On March 1, 1872, Yellowstone became the first National Park reserve declared anywhere in the world, by President Ulysses S. Grant. In 1978 it was designated a World Heritage Site. Although it is commonly assumed that the park was named for the yellow rocks seen in the Grand Canyon of the Yellowstone, the park’s name comes from the Yellowstone River that flows through it, which is in turn named after sandstone bluffs found farther down its course in eastern Montana.
Long before any recorded human history in Yellowstone, a massive volcanic eruption spewed an immense volume of ash that covered all of the western U.S., much of the Midwest, parts of the US east coast, northern Mexico, and some areas in Canada. The eruption left a caldera approximately 34 by 45 miles (55 by 72 km). See volcanoes for background; Yellowstone is classed as a supervolcano and its last eruption is thought to have been a VEI-8 event with over 1000 km3 of ejecta, a thousand times more powerful than the 1980 eruption of Mt. St. Helens. The Yellowstone super volcano is believed to erupt every 600,000 to 900,000 years with the last event occurring 640,000 years ago. Its eruptions are among the largest known to have ever occurred on Earth, producing drastic climate change in the aftermath.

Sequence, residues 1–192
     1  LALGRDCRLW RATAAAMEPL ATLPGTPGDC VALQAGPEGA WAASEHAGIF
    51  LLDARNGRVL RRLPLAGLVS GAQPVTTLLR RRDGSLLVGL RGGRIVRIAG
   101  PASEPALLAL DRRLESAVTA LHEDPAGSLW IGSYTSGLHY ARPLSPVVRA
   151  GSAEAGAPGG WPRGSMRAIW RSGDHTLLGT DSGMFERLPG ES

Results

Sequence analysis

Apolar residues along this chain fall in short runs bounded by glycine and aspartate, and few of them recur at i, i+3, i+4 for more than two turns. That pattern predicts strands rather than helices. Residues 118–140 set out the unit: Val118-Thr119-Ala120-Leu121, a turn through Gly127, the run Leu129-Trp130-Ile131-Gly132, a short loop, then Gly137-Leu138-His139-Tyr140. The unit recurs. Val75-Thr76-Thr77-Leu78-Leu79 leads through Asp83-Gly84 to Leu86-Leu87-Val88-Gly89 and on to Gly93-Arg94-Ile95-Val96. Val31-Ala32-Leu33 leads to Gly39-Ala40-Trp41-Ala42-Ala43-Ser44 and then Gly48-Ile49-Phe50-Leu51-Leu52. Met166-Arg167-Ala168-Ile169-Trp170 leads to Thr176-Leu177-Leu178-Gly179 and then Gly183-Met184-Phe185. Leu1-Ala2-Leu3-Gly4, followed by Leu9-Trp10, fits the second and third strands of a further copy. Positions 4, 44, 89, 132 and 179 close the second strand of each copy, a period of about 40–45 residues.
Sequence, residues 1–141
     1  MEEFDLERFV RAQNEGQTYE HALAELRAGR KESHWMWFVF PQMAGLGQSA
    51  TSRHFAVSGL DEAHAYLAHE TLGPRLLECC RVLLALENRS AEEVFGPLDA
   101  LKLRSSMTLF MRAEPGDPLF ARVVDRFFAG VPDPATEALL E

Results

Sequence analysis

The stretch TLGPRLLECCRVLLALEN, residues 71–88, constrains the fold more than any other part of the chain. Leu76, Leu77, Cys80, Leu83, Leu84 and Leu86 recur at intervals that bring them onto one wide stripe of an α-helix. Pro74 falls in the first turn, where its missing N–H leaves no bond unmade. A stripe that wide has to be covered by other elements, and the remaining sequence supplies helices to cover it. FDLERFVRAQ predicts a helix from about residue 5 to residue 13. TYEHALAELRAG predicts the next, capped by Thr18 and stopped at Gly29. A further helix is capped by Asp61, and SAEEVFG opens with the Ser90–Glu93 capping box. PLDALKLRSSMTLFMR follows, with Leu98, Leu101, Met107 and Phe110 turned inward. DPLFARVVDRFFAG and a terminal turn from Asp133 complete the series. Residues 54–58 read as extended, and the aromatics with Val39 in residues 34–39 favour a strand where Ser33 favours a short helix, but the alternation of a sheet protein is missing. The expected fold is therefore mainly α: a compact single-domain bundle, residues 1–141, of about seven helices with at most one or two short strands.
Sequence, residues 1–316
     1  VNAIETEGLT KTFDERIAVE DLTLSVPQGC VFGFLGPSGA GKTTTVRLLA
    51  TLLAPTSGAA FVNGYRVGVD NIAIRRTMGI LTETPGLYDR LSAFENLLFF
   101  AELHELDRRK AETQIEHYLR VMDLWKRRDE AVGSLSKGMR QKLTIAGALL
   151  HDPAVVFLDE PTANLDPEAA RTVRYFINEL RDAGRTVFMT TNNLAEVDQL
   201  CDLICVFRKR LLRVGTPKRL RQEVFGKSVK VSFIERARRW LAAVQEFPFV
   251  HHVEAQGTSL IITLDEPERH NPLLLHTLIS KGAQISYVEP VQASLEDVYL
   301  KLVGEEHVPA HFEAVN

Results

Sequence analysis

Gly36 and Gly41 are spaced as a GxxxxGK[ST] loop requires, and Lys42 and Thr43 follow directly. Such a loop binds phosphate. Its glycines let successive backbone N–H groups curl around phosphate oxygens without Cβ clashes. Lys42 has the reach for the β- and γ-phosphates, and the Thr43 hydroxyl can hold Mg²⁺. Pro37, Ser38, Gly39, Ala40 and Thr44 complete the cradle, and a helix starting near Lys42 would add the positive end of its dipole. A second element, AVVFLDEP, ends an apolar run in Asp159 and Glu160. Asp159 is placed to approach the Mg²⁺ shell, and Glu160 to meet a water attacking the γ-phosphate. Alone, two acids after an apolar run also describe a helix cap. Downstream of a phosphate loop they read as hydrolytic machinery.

With half of the earth’s geothermal features, Yellowstone holds the planet’s most diverse and intact collection of geysers, hot springs, mudpots, and fumaroles. Its more than 300 geysers make up two thirds of all those found on earth. Combine this with more than 10,000 thermal features comprised of brilliantly colored hot springs, bubbling mudpots, and steaming fumaroles, and you have a place like no other.
Yellowstone’s hydrothermal features would not exist without the underlying magma body that releases tremendous heat. They also depend on sources of water, such as from the mountains surrounding the Yellowstone Plateau. There, snow and rain slowly percolate through layers of permeable rock riddled with cracks. Some of this cold water meets hot brine directly heated by the shallow magma body. The water’s temperature rises well above the boiling point but the water remains in a liquid state due to the great pressure and weight of the overlying water. The result is superheated water with temperatures exceeding 400 °F (200 °C).
The superheated water is less dense than the colder, heavier water sinking around it. This creates convection currents that allow the lighter, more buoyant, superheated water to begin its journey back to the surface following the cracks and weak areas through rhyolitic lava flows. This upward path is the natural “plumbing” system of the park’s hydrothermal features. Once it reaches the surface, the various colors of the pools are due to different types of bacteria growing in different temperatures.